Readers Respond to the December 2023 Issue


“Inside the Pit Factory,” by Sarah Scoles, reports on how the U.S. is ramping up construction of new “plutonium pits” for nuclear weapons. Given that plutonium 239, one of the main ingredients in nuclear bombs, has a half-life of more than 24,000 years, why do the nuclear weapons from the late 20th century need to be “fixed”?


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SCOLES REPLIES: It’s true that the isotope of plutonium used in weapons has a significant half-life. But it is also decaying throughout that time, and as it does, it leaves behind other elements that contaminate the pit. This gives the pit a different composition than when it was made. The uranium atoms that are produced by the decay process also knock plutonium atoms out of their place in the structure, similarly changing the pit’s properties. And all of this occurs while the plutonium is subject to more mundane chemical processes such as oxidation. So the gist is that with such changes, over time, a pit may not function as well or as safely as when it was new.


“This Unexpected Pattern of Numbers Is Everywhere,” by Jack Murtagh [Math], discusses how nature seems to favor numbers beginning with a 1 or a 2, a phenomenon known as Benford’s law. How could that possibly be? The puzzle even invaded my dreams, and in the morning the answer was clear: it means that randomness in nature is often distributed not linearly but rather logarithmically.

The reason this tendency makes a leading digit of 1 or 2 much more common than larger digits is related to the hybrid nature of our numbering system. Individual digits progress linearly: 1, 2, 3, 4. But the number places progress logarithmically: 1s, 10s, 100s, 1,000s. When we express logarithmically spaced items, the lower digits of 1 and 2 become much more common in the leading place than the other digits, just as on a logarithmic scale the length between 1 and 2 is greater than the length between 3 and 4. Multiplying whatever quantity you are looking at or changing the units does not alter how the scale works.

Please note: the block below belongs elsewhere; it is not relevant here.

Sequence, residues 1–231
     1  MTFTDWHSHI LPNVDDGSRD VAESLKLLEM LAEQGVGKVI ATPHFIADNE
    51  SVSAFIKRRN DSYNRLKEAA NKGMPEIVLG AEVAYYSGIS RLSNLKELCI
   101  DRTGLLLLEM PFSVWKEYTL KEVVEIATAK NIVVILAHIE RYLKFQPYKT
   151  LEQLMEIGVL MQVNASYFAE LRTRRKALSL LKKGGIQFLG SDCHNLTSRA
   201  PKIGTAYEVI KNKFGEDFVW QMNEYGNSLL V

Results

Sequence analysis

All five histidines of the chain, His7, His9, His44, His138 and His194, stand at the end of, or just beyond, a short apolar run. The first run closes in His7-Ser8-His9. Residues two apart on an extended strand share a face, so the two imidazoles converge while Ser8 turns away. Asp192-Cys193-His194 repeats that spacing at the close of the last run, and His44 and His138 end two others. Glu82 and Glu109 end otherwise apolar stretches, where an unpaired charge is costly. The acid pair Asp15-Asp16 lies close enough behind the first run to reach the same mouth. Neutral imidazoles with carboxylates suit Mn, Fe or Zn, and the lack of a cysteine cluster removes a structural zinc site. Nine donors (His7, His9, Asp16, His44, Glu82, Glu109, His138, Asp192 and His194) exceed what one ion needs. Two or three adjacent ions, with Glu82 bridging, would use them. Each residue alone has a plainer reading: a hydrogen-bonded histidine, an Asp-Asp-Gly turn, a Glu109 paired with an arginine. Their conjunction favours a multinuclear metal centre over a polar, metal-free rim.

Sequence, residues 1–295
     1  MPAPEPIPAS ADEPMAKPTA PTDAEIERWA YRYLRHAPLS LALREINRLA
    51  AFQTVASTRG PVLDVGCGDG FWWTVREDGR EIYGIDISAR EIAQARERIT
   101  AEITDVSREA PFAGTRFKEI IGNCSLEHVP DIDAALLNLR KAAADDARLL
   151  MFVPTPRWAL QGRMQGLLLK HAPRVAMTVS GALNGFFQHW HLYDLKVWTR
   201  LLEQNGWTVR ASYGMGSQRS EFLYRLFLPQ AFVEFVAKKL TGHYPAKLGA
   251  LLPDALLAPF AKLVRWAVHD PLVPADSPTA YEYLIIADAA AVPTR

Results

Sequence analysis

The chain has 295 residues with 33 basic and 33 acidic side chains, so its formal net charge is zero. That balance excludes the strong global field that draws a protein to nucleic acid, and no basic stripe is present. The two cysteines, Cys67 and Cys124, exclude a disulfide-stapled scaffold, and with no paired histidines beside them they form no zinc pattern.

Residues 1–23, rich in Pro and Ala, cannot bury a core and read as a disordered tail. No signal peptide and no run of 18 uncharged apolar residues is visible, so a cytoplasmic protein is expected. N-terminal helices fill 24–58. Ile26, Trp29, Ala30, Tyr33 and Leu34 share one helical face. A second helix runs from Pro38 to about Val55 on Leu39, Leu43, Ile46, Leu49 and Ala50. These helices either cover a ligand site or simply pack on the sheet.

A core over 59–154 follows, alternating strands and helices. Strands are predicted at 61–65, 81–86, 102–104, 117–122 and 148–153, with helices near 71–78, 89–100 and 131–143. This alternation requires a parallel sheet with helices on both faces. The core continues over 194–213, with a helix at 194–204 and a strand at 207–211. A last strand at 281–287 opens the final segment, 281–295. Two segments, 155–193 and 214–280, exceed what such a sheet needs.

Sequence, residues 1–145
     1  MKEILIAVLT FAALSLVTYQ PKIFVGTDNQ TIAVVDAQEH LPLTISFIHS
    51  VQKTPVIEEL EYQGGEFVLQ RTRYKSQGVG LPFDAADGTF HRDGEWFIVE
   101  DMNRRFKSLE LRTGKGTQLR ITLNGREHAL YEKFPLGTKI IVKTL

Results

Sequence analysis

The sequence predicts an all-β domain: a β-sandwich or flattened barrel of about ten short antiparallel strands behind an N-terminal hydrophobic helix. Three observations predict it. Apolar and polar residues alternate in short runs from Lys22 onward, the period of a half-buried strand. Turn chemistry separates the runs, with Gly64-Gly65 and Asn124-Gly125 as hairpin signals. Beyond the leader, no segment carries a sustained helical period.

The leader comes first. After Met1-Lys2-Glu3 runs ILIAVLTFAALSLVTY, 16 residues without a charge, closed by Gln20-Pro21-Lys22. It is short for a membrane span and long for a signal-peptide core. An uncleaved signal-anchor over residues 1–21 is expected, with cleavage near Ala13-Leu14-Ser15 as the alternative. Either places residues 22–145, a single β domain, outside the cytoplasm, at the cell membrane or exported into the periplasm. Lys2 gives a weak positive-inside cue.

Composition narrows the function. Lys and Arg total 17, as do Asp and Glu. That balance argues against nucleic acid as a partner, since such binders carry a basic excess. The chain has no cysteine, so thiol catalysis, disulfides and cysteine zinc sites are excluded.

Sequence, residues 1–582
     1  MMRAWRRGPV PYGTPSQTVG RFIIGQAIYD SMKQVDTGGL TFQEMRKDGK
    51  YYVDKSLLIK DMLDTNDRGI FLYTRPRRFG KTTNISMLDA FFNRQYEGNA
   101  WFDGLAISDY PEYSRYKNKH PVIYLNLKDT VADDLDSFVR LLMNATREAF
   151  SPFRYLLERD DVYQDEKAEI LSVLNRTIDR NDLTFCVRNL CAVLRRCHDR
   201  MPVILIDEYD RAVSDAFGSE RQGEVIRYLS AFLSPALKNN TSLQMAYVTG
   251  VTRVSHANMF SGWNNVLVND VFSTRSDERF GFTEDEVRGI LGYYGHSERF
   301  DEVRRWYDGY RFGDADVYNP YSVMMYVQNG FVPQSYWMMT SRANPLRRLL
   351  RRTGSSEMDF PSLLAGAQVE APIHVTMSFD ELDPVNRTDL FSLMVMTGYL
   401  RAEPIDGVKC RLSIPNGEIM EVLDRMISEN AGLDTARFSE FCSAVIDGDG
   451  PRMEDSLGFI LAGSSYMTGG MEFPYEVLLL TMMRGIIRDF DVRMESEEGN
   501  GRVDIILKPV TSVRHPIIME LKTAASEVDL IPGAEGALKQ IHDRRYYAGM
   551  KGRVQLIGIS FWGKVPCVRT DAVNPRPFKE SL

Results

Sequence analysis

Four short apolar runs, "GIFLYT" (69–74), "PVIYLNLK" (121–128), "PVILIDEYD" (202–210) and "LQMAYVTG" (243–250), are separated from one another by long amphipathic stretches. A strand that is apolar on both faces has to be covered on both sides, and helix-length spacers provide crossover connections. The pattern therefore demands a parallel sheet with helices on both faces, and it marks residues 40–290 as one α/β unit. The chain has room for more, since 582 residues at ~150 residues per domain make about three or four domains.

Murtagh’s article reminded me of using slide rules before we had digital calculators. I found one in a desk drawer and measured the spacing between the digits, and it correlated very closely to the number distribution in the article. Logarithms must lie at the bottom of the pattern.


Murtagh appears to be closer to answering the question of why Benford’s law exists when he notes that it “is more likely to apply to data sets spanning several orders of magnitude.” I suspect that the phenomenon is not a law of nature but an artifact of our choice of a notational system. If we instead chose to express the measurements of river lengths in base 16 or base 8, the distribution of digit occurrence would look very different.


MURTAGH REPLIES: Chesnakas and Lannert are absolutely correct. The probabilities we see in Benford’s law are proportional to the distances between notches on a logarithmic scale (which is how numbers are laid out on a slide rule). Benford’s law often arises in situations where the logarithm of the data is a uniform distribution. In fact, the mathematical definition of Benford’s distribution makes this perspective clear: a leading digit n occurs with probability log(n + 1) – log(n) where the logarithms are base 10. For example, the probability of a leading 6 is log(7) – log(6).

Rutila and other readers have wondered whether Benford’s law is merely a quirk of the base 10 system. The phenomenon actually persists regardless of what base we use for our number system. To calculate the probability distribution for other bases, we just have to change the base of the logarithms in the formula above.